UPI trials head HIC2002

UPI trials head HIC2002

Conference-goers hear of HealthConnect project for database-driven industry-wide intranet.

By Paul Montgomery

Reports from the front line in the race to implement a national health records management system headlined the Melbourne HIC2002 conference.

Several leaders from Australian projects to trial a unique patient identifier (UPI) system gave speeches at the conference, which spanned three days at the Melbourne Conference Centre during August.

HIC is the premier Australian event for health informatics professionals, organised jointly by the Health Information Management Association of Australia and the Health Informatics Society of Australia.

fast track trials

Dr David Rowlands, director of national infrastructure development at the Commonwealth Department of Health and Ageing, told the conference that the first two "fast track" trials for UPI systems would take place in Tasmania and the Northern Territory.

The Unique Patient Identifier is a number assigned to every patient who interacts with a health system, and is an important component of the national HealthConnect project to implement an intranet for the health care industry. New Zealand has already implemented a nationwide UPI project.

The initial trials in the national health information management project HealthConnect were delayed until September after funding wrangles between State and Federal Governments, he said.

The starting date had slipped from August to September or may be even October. Two longer-term trials will follow, starting in the second half of 2003 in Queensland and New South Wales.

"There are a series of potential uses for summaries of client data," he said. "The primary function is for clinical use, for consumers to have a record of their own health, and for health providers to have a more comprehensive database of patient needs."

Dr Rowlands said that the national event summary project - "event summary" is the term used in HealthConnect to refer to the basic record of an interaction between the health system and a patient - did not have funding yet, although he did predict that a state would "take the lead."

The Tasmanian trial will be based in the Clarence region of Hobart to concentrate on diabetes sufferers, and the longer Queensland trial will also concentrate on diabetics. The trial will involve the recording of vital data about patients, plus the capture of information about each visit that they made to a health care contact point. Dr Rowlands, who had been recruited from Queensland Health to help manage the Federal project, said the fast track trials would be used to highlight issues and problems, rather than resolve them. The thorniest issues are expected to be security, privacy, access control and how to capture data.

"The purpose of these trials is to test the core concepts of HealthConnect in a live setting," he said. Dr Rowland's speech was given to a tightly-packed audience of over 100.


Dr Tony Sara, associate director of clinical information systems at the South Eastern Sydney Area Health Service (SESAHS) and principal research fellow for the Initiative for e-Health at the University of Wollongong, joined with SESAHS colleague Linda Holen, who is now the manager of the state UPI project, to deliver a presentation to the HIC2002 conference on a Sydney trial.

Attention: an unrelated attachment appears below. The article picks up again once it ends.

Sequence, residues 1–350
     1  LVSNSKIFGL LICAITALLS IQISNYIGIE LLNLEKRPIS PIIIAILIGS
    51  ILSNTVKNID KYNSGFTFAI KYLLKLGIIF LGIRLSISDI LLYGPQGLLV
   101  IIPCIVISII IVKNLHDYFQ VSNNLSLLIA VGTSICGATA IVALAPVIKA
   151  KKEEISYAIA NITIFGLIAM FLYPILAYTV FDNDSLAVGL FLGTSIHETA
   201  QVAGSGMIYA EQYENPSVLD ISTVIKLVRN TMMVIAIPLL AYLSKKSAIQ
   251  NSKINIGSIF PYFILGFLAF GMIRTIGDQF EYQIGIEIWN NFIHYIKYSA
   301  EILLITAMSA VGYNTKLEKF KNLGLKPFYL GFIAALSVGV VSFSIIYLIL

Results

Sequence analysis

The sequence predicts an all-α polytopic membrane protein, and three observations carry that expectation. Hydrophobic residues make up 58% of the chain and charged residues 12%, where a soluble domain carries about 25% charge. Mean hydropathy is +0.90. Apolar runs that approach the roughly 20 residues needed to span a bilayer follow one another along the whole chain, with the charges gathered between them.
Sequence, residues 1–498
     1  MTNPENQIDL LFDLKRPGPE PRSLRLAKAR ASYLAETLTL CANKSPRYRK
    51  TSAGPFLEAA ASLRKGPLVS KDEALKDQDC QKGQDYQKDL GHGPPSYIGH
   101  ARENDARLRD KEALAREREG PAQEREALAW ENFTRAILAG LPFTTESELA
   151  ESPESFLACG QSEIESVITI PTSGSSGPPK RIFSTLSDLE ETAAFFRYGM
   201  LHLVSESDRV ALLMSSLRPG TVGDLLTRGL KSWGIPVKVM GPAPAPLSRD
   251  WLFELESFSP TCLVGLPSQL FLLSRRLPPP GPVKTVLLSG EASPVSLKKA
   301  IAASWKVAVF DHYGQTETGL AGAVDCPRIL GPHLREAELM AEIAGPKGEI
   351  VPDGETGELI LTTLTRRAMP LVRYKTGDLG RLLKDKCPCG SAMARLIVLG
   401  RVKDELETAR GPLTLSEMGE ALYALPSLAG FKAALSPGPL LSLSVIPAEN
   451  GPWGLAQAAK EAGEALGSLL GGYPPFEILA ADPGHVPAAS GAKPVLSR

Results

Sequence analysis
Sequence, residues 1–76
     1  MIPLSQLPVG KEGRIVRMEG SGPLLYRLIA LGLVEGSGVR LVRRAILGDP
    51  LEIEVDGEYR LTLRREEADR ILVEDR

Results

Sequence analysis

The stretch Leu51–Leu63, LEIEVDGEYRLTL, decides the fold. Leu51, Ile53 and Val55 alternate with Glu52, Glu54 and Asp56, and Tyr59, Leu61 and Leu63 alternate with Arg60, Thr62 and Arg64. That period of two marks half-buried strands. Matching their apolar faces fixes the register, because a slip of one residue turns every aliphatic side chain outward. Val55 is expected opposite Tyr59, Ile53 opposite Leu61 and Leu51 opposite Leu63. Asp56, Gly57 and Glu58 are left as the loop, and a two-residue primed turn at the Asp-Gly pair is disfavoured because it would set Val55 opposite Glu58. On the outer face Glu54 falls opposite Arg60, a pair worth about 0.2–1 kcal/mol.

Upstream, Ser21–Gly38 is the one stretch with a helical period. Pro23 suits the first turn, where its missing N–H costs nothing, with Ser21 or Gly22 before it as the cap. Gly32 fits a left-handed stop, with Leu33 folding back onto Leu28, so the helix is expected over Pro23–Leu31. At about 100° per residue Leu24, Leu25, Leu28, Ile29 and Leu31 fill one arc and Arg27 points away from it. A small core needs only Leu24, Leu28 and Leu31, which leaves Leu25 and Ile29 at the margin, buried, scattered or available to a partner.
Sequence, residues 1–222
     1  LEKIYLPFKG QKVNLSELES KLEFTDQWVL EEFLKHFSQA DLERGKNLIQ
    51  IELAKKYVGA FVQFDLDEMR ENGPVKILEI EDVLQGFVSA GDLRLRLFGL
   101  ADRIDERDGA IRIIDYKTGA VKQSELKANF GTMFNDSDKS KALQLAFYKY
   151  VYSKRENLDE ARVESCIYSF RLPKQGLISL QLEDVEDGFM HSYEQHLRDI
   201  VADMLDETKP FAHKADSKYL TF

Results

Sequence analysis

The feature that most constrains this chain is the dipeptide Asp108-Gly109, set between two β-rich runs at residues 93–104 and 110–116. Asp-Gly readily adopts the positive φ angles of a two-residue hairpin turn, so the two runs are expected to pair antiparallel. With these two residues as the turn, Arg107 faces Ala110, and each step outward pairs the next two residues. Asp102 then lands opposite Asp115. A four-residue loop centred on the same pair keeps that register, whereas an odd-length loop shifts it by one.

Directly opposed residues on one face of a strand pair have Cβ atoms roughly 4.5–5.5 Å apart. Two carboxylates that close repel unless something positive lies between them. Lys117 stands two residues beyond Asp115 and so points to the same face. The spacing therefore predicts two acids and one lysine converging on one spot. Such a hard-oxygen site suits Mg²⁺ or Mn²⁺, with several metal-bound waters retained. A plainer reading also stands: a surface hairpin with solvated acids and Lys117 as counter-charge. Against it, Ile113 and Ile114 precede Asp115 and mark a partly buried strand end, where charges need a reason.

Dr Sara said he expects a "working state" of the system to be available for the whole of New South Wales in 12 months.

"If you do it right the first time, you will save yourself lots of money," he said, to appreciative murmurs from the crowded audience of health informatics professionals.Dr Sara said the project grew from a test implementation of UPI within SESAHS to a "pilot" on mental health patients, and his team would be tasked with implementing a state-wide trial.

"Given the response we have had for the State UPI, we will have a working state of the UPI in 12 months," he said. "We hope to report on that at the next HIC conference."Dr Sara said the system would need "high quality data" to succeed, as well as a "bullet-proof" UPI implementation.

"That John Smith in front of you has to be the John Smith you have on your screen. Patients die if you get it wrong," he said.

The UPI is simply a number, but the system surrounding it is more complex. Attached to the UPI number is the patient's first name, surname, gender, date of birth and Medicare number.

The complexities come when a patient cannot provide some of these details, or there is the potential for duplication of records. A large part of the trial was spent developing a probabilistic matching algorithm to ensure that patients were not issued multiple UPIs.

Ms Holen said that privacy was a "major constraint" to the project, as the NSW Privacy and Personal Information Protection Act prevented the SESAHS from disclosing vital patient information. After what Ms Holen described as "extensive consultation" with NSW Privacy Commissioner Chris Puplick, the SESAHS was allowed disclosure for the trial.

To implement the UPI, the SESAHS selected the e*Index application from SeeBeyond, which consolidates data from disparate databases behind a global identifier. Ms Holen said there was some local customisation needed for the application, but that this was a minor issue, and the fact that the SESAHS used version 4.1.1, which was newer than what a lot of sister organisations were using, caused more trouble in terms of staff retraining.

The SESAHS comprises 18 hospitals and health centres in various locations in inner Sydney, including Kings Cross, Surry Hills, Randwick, Kogarah, Darlinghurst and Waverley.

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